University of California

Fruit Physiological Disorders

Pear: Senescent Scald



Senescent Scald. Pear, Bartlett
Senescent Scald. Pear, Bartlett
Bartlett and Bosc pears. Develops on pears which have been stored beyond their postharvest life.

Brown to black discoloration of the skin associated with fruit which have become yellow in storage and lost their capacity to ripen normally. Browning is initially restricted to the skin but progresses rapidly into the flesh, particularly upon transfer of the fruit to warm temperatures. Browned skin becomes weak and is easily sloughed off in later stages of senescence. Often associated with core breakdown. Decay may follow secondarily. Taste and odor of the fruit are very disagreeable even before discoloration begins.

Fruit have reached the end of their postharvest life. Tissue begins to die and fermentative metabolism occurs resulting in alcoholic odor and off-flavors.


Avoid storing the fruit beyond its postharvest life. To extend the postharvest life maximally, harvest fruit at optimum maturity for the length of storage, cool fruit rapidly and thoroughly after harvest, and store at the lowest, non-freezing temperature (often -1 to -2°C, 28 to 30°F). Controlled atmosphere storage can extend the postharvest life of the fruit up to twice that achievable in air storage. Watch for change in fruit color from green to yellow. Yellowing is an indication that the fruit's storage life is nearing the end.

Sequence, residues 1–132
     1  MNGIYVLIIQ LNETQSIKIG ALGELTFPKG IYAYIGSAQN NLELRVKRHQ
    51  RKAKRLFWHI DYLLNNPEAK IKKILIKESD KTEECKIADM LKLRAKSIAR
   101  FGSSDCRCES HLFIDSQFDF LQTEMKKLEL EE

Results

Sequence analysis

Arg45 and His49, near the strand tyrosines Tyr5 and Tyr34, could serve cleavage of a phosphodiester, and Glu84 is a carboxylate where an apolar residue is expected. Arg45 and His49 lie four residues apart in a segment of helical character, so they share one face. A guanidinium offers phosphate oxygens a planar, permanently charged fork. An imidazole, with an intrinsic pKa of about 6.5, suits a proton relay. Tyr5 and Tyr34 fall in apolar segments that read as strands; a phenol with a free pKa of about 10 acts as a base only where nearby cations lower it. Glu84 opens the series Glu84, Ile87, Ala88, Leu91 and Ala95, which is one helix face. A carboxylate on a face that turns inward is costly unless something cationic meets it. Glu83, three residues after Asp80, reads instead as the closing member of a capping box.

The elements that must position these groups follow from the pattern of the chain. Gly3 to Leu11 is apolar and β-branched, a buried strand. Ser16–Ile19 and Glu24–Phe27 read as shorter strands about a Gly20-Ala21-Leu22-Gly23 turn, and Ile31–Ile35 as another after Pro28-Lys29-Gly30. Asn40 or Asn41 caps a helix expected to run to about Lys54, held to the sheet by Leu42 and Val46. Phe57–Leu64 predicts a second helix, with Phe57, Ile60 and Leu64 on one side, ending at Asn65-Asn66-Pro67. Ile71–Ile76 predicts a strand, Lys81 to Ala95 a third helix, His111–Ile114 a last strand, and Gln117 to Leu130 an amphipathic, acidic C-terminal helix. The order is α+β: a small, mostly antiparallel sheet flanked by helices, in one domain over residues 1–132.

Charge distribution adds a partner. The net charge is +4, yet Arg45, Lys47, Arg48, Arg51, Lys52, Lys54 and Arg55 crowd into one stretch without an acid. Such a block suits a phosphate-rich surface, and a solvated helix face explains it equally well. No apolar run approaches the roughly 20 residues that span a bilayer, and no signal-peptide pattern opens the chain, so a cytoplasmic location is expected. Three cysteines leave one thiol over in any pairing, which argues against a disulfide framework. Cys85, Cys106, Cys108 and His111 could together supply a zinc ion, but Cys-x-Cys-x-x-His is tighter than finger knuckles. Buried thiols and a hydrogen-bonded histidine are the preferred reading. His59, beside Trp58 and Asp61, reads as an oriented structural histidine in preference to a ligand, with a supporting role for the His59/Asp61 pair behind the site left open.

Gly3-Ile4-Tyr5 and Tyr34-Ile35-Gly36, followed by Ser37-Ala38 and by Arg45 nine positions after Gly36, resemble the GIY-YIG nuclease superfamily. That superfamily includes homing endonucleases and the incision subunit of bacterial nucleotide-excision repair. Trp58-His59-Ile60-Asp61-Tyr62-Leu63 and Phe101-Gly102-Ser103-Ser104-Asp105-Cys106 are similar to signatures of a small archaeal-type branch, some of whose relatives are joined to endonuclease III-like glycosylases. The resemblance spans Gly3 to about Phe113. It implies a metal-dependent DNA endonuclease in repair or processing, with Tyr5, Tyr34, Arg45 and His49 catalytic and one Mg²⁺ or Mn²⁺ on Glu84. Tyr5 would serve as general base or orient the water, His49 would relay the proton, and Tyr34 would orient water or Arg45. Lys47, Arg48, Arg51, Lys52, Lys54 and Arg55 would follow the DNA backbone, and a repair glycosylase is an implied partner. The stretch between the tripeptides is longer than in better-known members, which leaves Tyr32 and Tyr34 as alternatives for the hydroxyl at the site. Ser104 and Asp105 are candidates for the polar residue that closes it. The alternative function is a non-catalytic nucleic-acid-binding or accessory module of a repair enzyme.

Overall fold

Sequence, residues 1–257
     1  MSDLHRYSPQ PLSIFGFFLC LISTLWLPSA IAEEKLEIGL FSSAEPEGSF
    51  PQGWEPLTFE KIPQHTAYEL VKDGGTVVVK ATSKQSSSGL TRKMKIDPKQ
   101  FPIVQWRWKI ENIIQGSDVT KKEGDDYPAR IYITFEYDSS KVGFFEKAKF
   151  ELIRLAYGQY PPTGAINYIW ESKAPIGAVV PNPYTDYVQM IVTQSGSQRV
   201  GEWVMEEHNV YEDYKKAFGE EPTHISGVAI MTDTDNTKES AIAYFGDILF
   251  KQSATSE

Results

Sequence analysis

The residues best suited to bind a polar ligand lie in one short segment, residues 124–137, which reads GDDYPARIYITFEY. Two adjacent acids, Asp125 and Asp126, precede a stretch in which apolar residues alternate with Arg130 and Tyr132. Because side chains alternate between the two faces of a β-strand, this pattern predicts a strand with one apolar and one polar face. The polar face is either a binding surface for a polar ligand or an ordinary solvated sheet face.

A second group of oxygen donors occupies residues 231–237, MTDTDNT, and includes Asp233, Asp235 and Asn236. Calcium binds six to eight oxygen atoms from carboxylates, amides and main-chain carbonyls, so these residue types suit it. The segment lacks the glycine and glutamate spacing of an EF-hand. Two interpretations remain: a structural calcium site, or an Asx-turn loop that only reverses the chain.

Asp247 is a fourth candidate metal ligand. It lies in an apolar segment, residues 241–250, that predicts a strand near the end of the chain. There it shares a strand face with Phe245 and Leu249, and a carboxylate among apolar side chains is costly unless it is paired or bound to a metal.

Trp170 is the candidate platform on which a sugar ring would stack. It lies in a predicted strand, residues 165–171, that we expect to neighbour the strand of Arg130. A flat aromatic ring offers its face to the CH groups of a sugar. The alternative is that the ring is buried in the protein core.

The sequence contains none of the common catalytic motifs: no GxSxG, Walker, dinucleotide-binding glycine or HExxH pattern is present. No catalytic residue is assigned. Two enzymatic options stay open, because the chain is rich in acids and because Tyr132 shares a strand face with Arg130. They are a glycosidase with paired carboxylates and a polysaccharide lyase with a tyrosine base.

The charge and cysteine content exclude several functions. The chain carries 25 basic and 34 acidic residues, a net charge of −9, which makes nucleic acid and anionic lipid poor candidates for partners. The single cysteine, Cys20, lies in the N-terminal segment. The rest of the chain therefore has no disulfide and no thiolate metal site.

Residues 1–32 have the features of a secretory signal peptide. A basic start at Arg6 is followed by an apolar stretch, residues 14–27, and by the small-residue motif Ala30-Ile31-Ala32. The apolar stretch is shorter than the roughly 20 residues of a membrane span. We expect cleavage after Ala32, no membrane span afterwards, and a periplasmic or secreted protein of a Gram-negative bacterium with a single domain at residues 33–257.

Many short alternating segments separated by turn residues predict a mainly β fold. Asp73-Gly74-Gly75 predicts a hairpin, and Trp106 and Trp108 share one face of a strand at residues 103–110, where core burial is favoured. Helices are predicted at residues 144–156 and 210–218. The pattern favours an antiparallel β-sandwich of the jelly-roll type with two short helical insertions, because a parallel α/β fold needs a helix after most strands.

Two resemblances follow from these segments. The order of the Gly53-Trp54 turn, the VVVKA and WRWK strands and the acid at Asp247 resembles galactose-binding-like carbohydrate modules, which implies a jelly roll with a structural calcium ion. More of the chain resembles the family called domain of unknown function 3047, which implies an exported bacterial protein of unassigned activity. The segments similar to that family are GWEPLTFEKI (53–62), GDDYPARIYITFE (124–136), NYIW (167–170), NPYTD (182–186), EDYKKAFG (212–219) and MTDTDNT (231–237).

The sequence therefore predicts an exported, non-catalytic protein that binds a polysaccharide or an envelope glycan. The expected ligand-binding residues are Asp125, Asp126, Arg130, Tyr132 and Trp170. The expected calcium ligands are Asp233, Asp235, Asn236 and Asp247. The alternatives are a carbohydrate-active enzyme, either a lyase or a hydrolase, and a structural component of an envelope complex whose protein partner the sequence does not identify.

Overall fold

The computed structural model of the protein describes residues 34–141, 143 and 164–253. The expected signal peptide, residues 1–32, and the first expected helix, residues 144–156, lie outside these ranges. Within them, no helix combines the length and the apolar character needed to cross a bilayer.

Market Diseases of Apples, Pears, and Quinces. 1971. Agriculture Handbook No. 376. Agricultural Research Service, USDA.

Postharvest Disorders of Apples and Pears, Meheriuk, M., Prange, R. K. Lidster, P. D., and Porritt, S. W. (eds.). Communications Branch, Agriculture Canada, Ottawa, Ont K1A 0C7.


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How to Cite

Author(s) names. Initial publication or update date (located at the bottom). Title. Link to the specific webpage (accessed date)

Example: Crisosto, C. H. and E. J. Mitcham. 2020. Asian Pear: Flesh Spot Decay (FSD). (Accessed March 25, 2020).

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